Tag Archives: ethical

Ethical horror for Halloween

At this time of year, the Halloween tat comes out and the shops are full of low quality, throw away rubbish for us to spend money on that we can’t really afford, and then send to landfill, which the Earth really can’t afford.

Here are some more (and less) sensible suggestions for spooky seasonal decor, without buying plastic rubbish.

Welcome those autumn spiders and let them make webs for you!  

Go a bit Miss Haversham with dried flowers and dead plant matter. Nothing says gothic like dead roses. Also these can be composted when you’ve had enough of them.

Actual bones. Source your dead things carefully and make sure they are clean because you maybe don’t want to go so far as actual maggots… but dead things are better for the environment than fake plastic dead things. 

If you like the colours, the patterns, the look – you can buy cotton fabrics with Halloween vibes online. Consider investing the time in making your own seasonal objects. Eldritch bunting is always a good look. Decorate with seasonally appropriate table or altar cloths made from natural materials, and re-use them next year.

Don’t buy cheap and nasty costumes made from synthetic fabrics. They don’t last, they will end up in the bin. Buy vintage, buy from people who make costumes, buy your own fabric and improvise wildly.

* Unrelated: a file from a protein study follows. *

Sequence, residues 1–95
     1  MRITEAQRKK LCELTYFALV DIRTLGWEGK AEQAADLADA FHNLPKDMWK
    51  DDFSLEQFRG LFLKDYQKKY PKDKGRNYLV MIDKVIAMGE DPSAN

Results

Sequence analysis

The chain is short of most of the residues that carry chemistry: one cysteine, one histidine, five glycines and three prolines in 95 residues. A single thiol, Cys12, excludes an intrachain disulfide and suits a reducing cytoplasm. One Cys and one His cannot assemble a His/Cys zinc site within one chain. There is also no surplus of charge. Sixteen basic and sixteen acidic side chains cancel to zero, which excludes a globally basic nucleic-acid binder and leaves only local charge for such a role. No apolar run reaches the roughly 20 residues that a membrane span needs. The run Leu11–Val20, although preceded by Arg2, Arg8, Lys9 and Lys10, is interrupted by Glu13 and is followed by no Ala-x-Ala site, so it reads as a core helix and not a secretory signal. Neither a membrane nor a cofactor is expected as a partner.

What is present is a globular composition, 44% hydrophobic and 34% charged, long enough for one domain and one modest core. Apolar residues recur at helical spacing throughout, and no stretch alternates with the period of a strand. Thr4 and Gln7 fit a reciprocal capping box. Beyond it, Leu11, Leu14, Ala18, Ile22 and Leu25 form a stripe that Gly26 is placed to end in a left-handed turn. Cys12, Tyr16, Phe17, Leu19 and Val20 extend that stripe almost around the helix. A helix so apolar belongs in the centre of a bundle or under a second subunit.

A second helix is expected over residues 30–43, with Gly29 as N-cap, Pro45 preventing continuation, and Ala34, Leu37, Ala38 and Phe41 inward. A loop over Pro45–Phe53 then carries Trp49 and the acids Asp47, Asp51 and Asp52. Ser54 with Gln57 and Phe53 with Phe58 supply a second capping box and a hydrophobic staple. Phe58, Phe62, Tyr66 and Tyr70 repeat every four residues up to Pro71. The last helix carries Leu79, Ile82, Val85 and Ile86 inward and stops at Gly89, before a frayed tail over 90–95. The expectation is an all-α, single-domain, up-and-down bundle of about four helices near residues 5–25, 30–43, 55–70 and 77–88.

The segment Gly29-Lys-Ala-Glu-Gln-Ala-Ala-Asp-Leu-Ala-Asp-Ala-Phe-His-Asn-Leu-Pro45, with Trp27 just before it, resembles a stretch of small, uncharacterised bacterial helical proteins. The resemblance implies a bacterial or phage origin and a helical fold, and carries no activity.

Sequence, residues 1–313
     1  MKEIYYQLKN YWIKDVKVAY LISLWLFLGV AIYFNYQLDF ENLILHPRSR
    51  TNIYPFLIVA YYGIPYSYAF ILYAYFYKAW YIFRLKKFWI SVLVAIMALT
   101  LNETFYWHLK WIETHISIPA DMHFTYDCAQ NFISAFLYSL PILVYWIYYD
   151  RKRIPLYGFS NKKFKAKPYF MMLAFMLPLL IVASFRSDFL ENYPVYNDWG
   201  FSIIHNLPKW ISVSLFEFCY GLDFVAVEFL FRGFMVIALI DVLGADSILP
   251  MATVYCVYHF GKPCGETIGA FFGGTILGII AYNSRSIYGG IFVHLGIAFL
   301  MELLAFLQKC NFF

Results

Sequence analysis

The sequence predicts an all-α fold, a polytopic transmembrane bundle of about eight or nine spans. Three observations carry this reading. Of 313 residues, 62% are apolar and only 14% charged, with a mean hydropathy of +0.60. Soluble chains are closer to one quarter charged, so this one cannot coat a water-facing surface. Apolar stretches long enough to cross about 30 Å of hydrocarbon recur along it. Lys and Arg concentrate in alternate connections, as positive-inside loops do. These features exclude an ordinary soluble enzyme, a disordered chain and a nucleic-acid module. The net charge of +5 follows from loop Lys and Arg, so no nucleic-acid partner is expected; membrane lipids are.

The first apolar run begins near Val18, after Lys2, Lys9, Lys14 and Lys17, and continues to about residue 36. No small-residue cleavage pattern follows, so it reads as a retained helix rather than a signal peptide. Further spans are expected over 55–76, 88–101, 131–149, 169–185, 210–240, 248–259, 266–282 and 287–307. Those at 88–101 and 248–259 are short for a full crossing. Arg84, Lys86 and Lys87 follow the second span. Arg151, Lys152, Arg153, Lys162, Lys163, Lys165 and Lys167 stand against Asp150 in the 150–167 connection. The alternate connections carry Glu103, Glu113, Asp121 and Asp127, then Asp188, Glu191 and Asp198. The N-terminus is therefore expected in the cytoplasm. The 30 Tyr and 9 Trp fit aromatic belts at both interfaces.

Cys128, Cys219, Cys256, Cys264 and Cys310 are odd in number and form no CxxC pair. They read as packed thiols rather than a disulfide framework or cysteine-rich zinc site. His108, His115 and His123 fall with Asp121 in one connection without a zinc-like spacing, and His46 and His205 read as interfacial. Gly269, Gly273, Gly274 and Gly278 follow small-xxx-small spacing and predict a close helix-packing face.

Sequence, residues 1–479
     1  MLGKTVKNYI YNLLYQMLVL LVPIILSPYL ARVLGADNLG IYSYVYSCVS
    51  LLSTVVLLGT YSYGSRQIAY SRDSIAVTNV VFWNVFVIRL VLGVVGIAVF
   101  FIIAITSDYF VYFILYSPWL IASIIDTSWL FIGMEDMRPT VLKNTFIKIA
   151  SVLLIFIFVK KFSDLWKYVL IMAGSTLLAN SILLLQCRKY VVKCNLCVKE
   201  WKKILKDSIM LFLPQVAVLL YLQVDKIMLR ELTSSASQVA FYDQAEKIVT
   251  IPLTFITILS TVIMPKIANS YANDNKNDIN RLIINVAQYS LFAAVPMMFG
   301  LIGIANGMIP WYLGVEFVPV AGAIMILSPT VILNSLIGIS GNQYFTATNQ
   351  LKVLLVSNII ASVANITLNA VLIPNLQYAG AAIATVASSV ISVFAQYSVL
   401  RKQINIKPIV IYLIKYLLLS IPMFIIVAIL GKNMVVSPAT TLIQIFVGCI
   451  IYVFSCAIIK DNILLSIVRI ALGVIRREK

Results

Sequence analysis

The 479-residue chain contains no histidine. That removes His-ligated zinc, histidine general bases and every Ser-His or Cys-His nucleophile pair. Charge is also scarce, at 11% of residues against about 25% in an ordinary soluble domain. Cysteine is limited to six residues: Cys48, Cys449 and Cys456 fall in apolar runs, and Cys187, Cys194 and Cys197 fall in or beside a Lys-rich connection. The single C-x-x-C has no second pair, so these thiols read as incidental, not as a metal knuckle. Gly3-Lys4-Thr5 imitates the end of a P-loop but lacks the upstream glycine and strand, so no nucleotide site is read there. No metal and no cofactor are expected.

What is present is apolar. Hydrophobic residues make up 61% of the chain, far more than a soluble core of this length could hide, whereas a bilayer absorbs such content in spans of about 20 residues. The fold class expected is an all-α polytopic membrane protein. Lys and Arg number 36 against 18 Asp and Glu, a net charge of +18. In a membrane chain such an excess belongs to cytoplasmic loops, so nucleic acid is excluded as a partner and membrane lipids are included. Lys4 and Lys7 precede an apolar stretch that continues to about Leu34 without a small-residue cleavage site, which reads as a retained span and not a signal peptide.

Make a lantern out of a swede or turnip, these are cheap and proper hideous, and the more wrong they are the better.

Make disgusting food. Marzipan slugs. Worm and eyeball soup (noodles and small whole onions) use tomatoes and beetroot for blood. Smear raspberry jam about. Ice fangs onto things. 

Buy things from artists and artisans – it will cost more up front but you’re helping a creator survive and you’ll get something really cool that you will want to live with for many years. 

Horror doesn’t have to be mass produced and shipped around the world at a high environmental cost. Horror can be sustainable. You can source your horror ethically, you can make your own.

The trouble with clothes

Fast fashion is a major source of plastic pollution and a driver of climate chaos.  Clothing is often made in terrible working conditions by people – usually women – who are sorely underpaid. Buying more expensive clothes does not guarantee that there wasn’t sweatshop labour involved.  It’s quite hard to take an ethical, eco-friendly approach to clothing, and a tight budget makes it even harder.

Buying second hand isn’t always the answer. You need to be time rich to do that, and you need an average sort of body. Less usual body shapes, sudden health related shape changes, and limited mobility can have a huge impact on your clothes options.

Part of the environmental impact of clothing comes from how we wash and dry it. If your budget is tight, you probably don’t wash clothing after one wear anyway. Air drying is cheaper and greener than a tumble drier. Fewer washes means putting fewer plastic particles into the world. Repeat wearing helps reduce impact. The worst problems are caused by buying something, wearing it once or twice and then throwing it away – there’s a terrifying amount of clothing that ends up in landfill.